Interjections from Food Terms

The Merriam-Webster guide to spitting out food words


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Photo: BWFolsom

Definition: interjection used to express disbelief

Baloney is thought to have originated as a variant of bologna (“a large smoked sausage of beef, veal, and pork”) in the early 20th century. Our earliest written evidence, found in a 1921 newspaper article from Altoona, Pennsylvania (written in mock-colloquial form) supports this: “We got here Saturday afternoon and got the best place in the camp which is right near the stashun wheir there is lots of janes that rolls their own kums down from lebunun where they make baloney and the janes aint got far to come to see us.”

By the late 1920s baloney (which is also spelled as boloney) was being used to indicate that the speaker felt some matter was nonsense.

It is perfectly proper
For English students
To indulge occasionally
In: “Oh, baloney!”
”It’s a lot of bunk”
And “I’ll say so,”
So long as they never
Split their infinitives.
Elmira Star-Gazette (Elmira, NY), 14 Sept. 1928

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Definition: usually used as a farewell, sometimes as a greeting or a toast

Cheerio is a decidedly British interjection, and Cheerios are a decidedly North American breakfast cereal. Despite this disparity of geography, mustn't​ they be connected? After all, the words are spelled nearly identically. We here at Merriam-Webster, destroyers of childhood dreams, regret to inform you that there does not appear to be much of an etymological connection between the mildly sodden cereal your child likes to eat and the mildly annoying habit that one friend of your has (you know, the one who insists on using Briticisms). The interjection comes from attaching an O to the word cheery. The cereal, on the other hand, began its life with a slightly different name, being marketed in 1941 as Cheerioats. Within a few years, the makers of Cheerioats apparently decided that it would be better to disguise the fact that they were selling something healthy to children, and the name was changed to Cheerios.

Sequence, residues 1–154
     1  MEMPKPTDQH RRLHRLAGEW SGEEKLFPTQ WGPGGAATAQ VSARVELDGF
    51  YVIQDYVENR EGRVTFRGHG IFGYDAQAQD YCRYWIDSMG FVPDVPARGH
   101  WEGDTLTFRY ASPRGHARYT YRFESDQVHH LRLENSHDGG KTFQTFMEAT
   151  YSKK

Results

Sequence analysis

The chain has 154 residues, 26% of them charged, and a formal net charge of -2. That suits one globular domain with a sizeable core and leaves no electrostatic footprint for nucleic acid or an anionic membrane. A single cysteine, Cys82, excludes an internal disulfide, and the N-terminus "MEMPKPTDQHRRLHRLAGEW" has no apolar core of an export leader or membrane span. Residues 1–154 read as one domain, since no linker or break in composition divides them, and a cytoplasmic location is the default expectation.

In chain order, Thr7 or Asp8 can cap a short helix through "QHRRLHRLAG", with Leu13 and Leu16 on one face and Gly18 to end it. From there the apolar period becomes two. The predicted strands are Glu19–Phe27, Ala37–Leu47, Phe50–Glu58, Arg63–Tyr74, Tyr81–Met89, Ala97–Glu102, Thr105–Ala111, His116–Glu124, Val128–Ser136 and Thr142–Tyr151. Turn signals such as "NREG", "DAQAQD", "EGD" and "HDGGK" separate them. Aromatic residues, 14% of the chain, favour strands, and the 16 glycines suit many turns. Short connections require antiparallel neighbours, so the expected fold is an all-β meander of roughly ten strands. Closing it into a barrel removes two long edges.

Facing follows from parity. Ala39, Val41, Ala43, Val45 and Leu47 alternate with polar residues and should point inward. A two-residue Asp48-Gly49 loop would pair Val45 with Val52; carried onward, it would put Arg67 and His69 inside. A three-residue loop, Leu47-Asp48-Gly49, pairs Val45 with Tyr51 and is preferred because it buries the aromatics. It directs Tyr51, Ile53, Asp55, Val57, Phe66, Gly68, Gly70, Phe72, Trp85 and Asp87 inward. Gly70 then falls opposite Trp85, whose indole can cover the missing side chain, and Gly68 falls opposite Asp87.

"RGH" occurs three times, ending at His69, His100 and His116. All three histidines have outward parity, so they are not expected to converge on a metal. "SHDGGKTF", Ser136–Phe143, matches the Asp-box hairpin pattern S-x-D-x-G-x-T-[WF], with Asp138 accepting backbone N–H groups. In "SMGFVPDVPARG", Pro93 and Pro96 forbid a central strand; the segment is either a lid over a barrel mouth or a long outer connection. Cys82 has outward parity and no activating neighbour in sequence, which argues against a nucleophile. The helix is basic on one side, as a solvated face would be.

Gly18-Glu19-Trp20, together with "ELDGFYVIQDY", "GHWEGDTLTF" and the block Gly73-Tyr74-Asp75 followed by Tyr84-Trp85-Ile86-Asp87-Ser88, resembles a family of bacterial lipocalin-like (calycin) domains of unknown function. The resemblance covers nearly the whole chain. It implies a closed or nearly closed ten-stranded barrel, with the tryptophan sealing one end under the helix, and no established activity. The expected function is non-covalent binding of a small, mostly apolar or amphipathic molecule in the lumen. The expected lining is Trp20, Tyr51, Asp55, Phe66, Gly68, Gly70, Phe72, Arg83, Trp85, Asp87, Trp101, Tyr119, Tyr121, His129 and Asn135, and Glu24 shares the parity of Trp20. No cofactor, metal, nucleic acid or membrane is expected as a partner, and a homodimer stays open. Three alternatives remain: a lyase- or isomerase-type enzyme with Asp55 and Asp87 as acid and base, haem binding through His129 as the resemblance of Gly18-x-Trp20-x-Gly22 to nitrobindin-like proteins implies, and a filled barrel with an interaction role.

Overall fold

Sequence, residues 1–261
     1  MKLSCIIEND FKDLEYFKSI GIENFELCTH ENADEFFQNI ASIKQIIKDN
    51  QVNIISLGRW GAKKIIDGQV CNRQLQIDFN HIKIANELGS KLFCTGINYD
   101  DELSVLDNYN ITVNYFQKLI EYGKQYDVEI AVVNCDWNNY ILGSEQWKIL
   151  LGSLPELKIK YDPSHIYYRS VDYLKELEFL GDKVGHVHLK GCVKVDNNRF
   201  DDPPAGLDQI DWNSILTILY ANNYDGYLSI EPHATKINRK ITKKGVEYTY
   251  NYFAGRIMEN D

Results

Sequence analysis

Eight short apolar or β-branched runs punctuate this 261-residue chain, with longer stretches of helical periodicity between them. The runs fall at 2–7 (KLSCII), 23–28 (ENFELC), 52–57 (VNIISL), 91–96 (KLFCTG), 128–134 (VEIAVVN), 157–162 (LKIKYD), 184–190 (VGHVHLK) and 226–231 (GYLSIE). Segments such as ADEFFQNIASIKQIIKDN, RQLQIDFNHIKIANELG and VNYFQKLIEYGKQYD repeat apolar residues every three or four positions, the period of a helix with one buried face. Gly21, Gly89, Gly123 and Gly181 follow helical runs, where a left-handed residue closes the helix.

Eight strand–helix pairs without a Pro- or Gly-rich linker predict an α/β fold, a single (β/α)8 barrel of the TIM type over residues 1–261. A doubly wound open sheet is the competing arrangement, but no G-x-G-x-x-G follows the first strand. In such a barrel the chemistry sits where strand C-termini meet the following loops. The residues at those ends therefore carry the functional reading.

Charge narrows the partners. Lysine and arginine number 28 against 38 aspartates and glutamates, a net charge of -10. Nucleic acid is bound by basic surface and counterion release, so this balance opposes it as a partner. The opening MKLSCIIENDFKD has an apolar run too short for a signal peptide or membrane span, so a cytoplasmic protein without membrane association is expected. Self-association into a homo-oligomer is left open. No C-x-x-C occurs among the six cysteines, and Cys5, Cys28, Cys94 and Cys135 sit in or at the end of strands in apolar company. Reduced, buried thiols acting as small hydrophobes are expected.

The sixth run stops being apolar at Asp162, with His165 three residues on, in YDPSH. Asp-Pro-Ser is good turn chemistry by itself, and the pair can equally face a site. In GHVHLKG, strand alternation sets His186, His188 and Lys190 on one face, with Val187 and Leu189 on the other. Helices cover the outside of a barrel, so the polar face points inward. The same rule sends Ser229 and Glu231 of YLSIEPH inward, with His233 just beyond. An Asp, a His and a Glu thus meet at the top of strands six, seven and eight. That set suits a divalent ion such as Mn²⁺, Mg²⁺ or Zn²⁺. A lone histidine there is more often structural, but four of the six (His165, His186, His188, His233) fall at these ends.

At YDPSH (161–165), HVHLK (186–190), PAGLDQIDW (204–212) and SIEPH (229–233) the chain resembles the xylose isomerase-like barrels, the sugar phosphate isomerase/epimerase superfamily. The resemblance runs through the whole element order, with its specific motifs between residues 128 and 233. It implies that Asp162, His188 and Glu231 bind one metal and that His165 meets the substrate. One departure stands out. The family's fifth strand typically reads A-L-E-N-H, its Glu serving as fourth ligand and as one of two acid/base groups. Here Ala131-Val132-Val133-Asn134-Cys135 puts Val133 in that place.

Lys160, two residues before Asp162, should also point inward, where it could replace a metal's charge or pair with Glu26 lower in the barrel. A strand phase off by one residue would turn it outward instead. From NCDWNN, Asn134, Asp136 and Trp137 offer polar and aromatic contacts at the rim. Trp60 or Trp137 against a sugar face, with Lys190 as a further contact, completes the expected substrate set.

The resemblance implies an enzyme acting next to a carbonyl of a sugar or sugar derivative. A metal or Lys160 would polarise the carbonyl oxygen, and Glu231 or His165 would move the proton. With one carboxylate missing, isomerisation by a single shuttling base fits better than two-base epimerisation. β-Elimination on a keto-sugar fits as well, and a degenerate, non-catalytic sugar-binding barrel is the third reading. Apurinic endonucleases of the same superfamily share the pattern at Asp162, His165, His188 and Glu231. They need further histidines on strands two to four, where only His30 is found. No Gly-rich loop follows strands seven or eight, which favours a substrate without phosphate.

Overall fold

Mrs Akimu said, 'This party---why don't you go with your partners?'
Akimu and I both laughed. We said cheerio, and got into the cab.
—Aubrey Kachingwe, No Easy Task, 1968

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Photo: arsenisspyros

Definition: used to express surprise or chagrin

Who doesn’t love crumbs? Most people, actually. And when we ask the question ‘where does the interjection crumbs come from,’ we have a wide range of possibilities to choose from. Is it a shortened form of crumbs-in-the-bed? No. Is it an abbreviation of the 19th century Cornwall dialect word crum-a-grackle (defined by Joseph Wright in his English Dialect Dictionary as “a mess, difficulty, bother”)? Probably not, although this is a word we should all consider adopting in everyday use. Might it simply be a variant of the phrase “By crum!” in which crum was employed as a mild oath of uncertain provenance? That is the least satisfying answer, which of course means that it is the most likely to be true.

The agreement was for an afternoon in the woods; but, by Crum! sir, the’ve sat there and held one another’s hand for pretty well an hour after the stated time.
The Speaker (London, UK), 7 Mar. 1891

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Definition: used as an interjection to express surprise or excitement